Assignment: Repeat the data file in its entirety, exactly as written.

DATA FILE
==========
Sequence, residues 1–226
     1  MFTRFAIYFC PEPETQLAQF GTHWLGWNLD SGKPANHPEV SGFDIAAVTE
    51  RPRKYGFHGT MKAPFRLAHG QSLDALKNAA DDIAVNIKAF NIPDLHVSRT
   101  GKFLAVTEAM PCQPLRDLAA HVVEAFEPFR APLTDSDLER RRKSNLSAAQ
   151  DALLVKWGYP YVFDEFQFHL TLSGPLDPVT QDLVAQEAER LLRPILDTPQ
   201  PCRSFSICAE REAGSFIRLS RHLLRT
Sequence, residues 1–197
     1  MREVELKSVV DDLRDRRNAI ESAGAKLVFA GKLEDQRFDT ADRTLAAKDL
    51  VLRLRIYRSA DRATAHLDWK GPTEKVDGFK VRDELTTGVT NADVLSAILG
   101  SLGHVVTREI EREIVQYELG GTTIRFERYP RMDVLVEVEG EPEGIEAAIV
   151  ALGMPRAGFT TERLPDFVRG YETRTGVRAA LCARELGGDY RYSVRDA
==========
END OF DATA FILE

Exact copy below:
Sequence, residues 1–226
     1  MFTRFAIYFC PEPETQLAQF GTHWLGWNLD SGKPANHPEV SGFDIAAVTE
    51  RPRKYGFHGT MKAPFRLAHG QSLDALKNAA DDIAVNIKAF NIPDLHVSRT
   101  GKFLAVTEAM PCQPLRDLAA HVVEAFEPFR APLTDSDLER RRKSNLSAAQ
   151  DALLVKWGYP YVFDEFQFHL TLSGPLDPVT QDLVAQEAER LLRPILDTPQ
   201  PCRSFSICAE REAGSFIRLS RHLLRT
Sequence, residues 1–197
     1  MREVELKSVV DDLRDRRNAI ESAGAKLVFA GKLEDQRFDT ADRTLAAKDL
    51  VLRLRIYRSA DRATAHLDWK GPTEKVDGFK VRDELTTGVT NADVLSAILG
   101  SLGHVVTREI EREIVQYELG GTTIRFERYP RMDVLVEVEG EPEGIEAAIV
   151  ALGMPRAGFT TERLPDFVRG YETRTGVRAA LCARELGGDY RYSVRDA